Australia’s DSM-V, a creative consortium, flourishes under the versatile talents of Marc Dwyer (Buzz Kull) and Morgan Wright (Burning Rose Records, Pelvis Records, Acopia). Their collaboration was a natural progression, ignited after their respective performances shared a stage, culminating in a beautiful alliance to craft enthralling electronic music canvases.
Their collaborative energy results in a wonderful combination, blending the bright tones of EBM and Nu Beat, with the subtle poetry of melodic synth-driven post-punk. The final product is a harmonious mixture, skillfully balancing introspective thoughts with the allure of the dance floor.
Emerging from the electro-mystic depths, the hypnotic (if slightly unnerving) new single, “No Sign of Life,” teases their forthcoming inaugural album, “Life Is Done,” set for release on September 8th via Third Coming Records (Paris). “No Sign of Life” is an austere, eerie concoction of nu beat and dark pop, armed with the rhythmic arsenal of EBM, bringing to mind early Ministry, Soft Cell, and 80s sci-fi scores from Tangerine Dream and Vangelis. The track ascends on an escalator of unyielding intensity yet concurrently explores the more tender, elusive echoes of club music. Driven by melancholic, abrasive electronics, gated reverbs, and FM bass lines, “No Sign of Life” is a stark testament to the duo’s ability to create a powerful sound that manoeuvres between the harsh and the hazy with delicate finesse.
Order the Life Is Done LP below, available on streaming and, soon, black vinyl.
Listen below and order here:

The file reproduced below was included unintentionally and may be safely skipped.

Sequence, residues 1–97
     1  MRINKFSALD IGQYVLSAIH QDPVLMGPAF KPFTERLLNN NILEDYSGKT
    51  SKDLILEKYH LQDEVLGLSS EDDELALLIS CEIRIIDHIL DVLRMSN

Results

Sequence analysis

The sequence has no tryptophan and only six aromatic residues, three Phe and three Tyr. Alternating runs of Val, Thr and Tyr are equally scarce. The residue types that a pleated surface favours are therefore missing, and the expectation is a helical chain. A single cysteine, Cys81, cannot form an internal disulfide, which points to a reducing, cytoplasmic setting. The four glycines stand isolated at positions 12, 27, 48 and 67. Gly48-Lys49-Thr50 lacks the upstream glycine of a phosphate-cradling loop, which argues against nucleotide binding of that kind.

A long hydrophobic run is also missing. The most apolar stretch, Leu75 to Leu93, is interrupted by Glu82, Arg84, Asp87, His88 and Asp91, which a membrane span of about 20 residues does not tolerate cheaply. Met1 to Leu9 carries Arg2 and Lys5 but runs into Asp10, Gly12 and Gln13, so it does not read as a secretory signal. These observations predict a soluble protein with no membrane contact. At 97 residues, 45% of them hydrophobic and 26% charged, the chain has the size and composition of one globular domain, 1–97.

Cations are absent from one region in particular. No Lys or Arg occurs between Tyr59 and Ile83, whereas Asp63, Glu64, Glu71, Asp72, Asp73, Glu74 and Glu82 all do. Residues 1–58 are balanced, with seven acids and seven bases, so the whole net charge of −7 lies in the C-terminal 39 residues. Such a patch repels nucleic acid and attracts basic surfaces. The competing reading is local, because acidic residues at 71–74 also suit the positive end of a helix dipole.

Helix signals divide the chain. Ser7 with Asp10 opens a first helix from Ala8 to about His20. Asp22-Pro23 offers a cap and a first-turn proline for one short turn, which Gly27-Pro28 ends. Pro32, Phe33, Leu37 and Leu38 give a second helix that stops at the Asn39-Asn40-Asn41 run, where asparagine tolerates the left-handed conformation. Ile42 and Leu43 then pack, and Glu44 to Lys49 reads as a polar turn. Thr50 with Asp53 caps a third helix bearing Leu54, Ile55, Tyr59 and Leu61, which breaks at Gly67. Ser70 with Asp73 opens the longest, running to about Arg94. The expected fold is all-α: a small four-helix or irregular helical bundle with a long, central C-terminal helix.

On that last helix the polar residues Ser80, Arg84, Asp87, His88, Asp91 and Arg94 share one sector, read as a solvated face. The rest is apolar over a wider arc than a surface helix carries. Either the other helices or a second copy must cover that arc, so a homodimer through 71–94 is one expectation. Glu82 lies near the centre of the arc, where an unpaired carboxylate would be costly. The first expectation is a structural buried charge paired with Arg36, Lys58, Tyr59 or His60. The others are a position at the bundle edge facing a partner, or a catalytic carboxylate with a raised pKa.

Life is Done was mixed by Cameron Findlay (Kontravoid).
Emerging from the depths of the Australian underground, DSM-V is a testament to the cooperative intuition that Dwyer and Wright cultivated as they graced stages in unison. The inception of Life is Done traces back to the idyllic landscapes of Crete, Greece, in 2019.
“The songs were written at a time where we felt lost in a world without hope,” explains Dwyer.
When the pandemic ushered in a time of seclusion, separating Dwyer and Wright in Sydney and Melbourne, the ensemble found themselves in a unique position to finalize the album in isolation. As often is the case, desperate and alienated times birth desperate, alienated music – and their record is no exception.
This body of work stands as a brave confrontation to the overlapping narratives of loss, pain, and anguish. However, within these echoic chambers of emotional intensity, a paradoxical longing for dance floor catharsis persists. In their solitude, DSM-V has managed to capture a soundtrack for tumultuous times.
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